Tree planting advice

It is important to increase tree cover in the county, but it is just as important to plant the right trees in the right places. We must be careful that increasing tree cover doesn’t lead to the loss of rare and special habitats.

We're happy to provide guidance on:

Our advice is suitable for individuals, schools or small groups. Landowners and managers should seek large-scale planting advice from The Woodland Trust.

If you haven’t got room for trees in your garden, there’s still plenty you can do to help tackle the climate and ecological emergency, the Kent Wildlife Trust has lots of wild gardening advice.

Find out how we can help if you would like to plant a tree on a highway verge or footpath.

Choosing a planting location

Before you start any planting, you should research and understand:

  • how much space you have
  • potential threats from humans or animals
  • weather conditions
  • topography (form and features of the landscape)
  • your soil type.

The Royal Horticultural Society (RHS) offer a helpful guide to different soil types.

Consider the space you have so you don't select a tree too big for the area. Think about space both along the ground and upwards.

It is important for trees to be able to establish, with enough room to grow and develop naturally, so the size of the plot will determine the type of trees you will be able to plant. For example, if you have a smaller space, choose smaller species such as common hawthorn, bird cherry or crab apple. If you have a larger space you can plant larger species such as oaks and limes.

Consider the tree's impact on the lived environment such as blocking CCTV, walker's sightlines, light into neighbour's gardens, or overhead wires. Also consider any potential impacts underground, such as the roots spreading to underground pipes or access points.

Once you understand the location, you can choose the right trees that suit and compliment that landscape.

Do not plant trees in:

  • archaeological sites
  • sites with rare or protected species
  • grassland that has never been ploughed
  • wetlands
  • heathland.

In England, planning permission isn’t needed if your project is under 2 hectares and in a low risk area. If you are unsure about the location you’re planting in contact the Forestry Commission for advice.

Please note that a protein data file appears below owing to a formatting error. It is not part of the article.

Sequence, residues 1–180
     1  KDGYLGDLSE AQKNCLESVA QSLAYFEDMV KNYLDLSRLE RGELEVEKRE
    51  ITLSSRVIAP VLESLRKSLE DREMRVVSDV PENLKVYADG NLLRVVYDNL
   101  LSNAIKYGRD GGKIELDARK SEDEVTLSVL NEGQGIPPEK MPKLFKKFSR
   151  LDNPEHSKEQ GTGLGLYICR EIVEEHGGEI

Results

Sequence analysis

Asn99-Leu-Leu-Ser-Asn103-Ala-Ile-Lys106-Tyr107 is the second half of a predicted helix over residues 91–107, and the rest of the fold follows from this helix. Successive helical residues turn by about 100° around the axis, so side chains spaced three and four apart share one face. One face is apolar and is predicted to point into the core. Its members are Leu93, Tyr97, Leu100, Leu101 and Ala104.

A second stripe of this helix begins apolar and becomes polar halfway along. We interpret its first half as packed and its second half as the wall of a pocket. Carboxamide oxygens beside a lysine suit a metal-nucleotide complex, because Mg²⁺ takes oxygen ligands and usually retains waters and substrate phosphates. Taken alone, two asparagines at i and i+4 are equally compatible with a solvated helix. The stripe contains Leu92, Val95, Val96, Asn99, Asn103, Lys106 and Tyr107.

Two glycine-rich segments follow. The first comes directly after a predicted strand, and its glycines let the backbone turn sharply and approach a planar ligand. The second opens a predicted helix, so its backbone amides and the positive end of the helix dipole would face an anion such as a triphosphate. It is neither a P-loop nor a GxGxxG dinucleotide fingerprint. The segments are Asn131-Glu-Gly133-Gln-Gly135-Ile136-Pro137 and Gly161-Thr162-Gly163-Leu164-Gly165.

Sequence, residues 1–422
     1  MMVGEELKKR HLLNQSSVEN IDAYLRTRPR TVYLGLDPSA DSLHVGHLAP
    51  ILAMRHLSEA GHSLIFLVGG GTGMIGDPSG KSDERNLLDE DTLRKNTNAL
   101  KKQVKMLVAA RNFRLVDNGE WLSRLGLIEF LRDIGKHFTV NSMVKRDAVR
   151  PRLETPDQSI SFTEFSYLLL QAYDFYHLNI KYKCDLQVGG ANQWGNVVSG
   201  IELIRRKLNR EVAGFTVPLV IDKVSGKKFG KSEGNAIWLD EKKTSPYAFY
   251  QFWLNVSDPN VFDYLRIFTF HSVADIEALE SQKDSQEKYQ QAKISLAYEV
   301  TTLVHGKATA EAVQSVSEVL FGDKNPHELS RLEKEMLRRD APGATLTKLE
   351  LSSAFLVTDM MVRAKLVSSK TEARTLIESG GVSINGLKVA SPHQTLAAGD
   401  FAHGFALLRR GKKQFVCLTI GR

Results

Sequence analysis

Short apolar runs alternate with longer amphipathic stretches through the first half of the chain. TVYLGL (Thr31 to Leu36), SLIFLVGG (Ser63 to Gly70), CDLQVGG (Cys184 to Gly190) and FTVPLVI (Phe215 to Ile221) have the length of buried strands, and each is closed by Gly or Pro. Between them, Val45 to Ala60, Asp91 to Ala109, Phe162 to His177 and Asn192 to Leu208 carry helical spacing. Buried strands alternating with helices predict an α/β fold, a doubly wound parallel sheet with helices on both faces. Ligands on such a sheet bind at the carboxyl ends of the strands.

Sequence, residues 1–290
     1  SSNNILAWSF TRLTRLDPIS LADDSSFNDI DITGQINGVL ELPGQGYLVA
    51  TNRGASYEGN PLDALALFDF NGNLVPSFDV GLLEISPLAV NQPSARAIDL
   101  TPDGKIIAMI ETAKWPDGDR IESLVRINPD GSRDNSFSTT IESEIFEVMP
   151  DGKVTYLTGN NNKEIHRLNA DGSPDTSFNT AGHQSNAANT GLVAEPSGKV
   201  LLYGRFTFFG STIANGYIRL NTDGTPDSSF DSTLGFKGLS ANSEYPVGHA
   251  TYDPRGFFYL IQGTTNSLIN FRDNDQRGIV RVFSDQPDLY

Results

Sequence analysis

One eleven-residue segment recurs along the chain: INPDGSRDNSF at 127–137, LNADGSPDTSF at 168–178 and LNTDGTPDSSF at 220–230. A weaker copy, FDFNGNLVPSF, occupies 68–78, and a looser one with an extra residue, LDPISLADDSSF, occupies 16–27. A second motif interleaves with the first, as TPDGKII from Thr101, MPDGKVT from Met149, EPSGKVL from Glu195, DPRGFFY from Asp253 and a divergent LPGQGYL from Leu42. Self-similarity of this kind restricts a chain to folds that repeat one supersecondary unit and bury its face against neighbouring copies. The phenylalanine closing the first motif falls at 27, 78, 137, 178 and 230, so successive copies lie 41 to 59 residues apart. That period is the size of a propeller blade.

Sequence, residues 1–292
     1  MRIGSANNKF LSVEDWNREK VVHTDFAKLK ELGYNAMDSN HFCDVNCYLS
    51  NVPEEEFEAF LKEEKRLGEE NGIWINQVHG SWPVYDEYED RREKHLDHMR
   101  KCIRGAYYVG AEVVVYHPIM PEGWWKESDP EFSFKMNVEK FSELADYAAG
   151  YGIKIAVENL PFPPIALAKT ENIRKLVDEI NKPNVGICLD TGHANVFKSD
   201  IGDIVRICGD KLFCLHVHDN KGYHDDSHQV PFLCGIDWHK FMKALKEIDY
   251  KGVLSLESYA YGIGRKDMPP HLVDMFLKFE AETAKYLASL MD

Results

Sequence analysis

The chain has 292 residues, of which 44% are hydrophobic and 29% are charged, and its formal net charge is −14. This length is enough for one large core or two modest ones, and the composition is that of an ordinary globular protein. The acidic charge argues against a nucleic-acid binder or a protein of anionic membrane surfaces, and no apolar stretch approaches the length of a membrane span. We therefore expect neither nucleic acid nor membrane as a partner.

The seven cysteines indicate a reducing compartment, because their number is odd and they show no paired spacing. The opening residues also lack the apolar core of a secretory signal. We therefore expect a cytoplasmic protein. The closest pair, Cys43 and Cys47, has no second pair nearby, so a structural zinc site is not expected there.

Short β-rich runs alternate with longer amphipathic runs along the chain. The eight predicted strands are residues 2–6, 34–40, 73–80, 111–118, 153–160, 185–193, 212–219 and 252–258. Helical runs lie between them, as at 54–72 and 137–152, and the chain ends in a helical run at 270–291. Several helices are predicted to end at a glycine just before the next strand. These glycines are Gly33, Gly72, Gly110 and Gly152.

Selecting your trees

It's really important to select the right trees for the right place.

Select native, broadleaf trees sourced from and grown in the UK to reduce the risk of disease and pests. Find a supplier that can guarantee the origin of the tree, or even better, grow locally collected seed.

If planting lots of trees, consider using a mix of native species, a broad range of native tree species will make the planting more resilient to pollution, climate change, pest and disease pressures.

When selecting a tree species you should plant trees that already thrive in your area.

The Woodland Trust have a useful guide to native tree species including which soils they prefer and how large they grow.

You should consider what you want from your trees:

  • do you want spring or autumn colour?
  • do you want a large canopy to provide shade?
  • do you want to produce fruit or nuts?

Think about how your trees will attract and support wildlife. Do you want:

  • nectar and pollen for bees?
  • foliage for caterpillars, moths and butterflies?
  • thicket for birds to nest?
  • berries and nuts, for birds and other wildlife to feed on?

Planting your trees

The Woodland Trust recommend planting saplings which are 1 to 2 years old.

Planting is best done between November and March and you should avoid waterlogged or frozen soil.

Depending on the species you may need to weed or turf the site first, before digging a hole large enough for the root ball.

You'll need some tools including:

  • spade or garden fork
  • watering can, bucket, or hose
  • stakes and ties
  • biodegradable tree guards
  • organic mulch (such as rotted straw, bark, compost or leaf-mould).

We advise you read The Woodland Trust's guide to tree planting, but if you need more advice email

Maintenance of trees

It's really important that trees receive good aftercare for the first few years after planting.

You'll need to continue to mulch, water, and care for your tree and protect it from human and animal damage.

If you used stakes and ties to plant, you'll need to adjust and remove them over time.

The Woodland Trust has advice for long term care of your trees and the Arboricultural Association has great advice on pruning.

Grants and funding

There are lots of other organisations offering support to people looking to plant trees and increase tree coverage.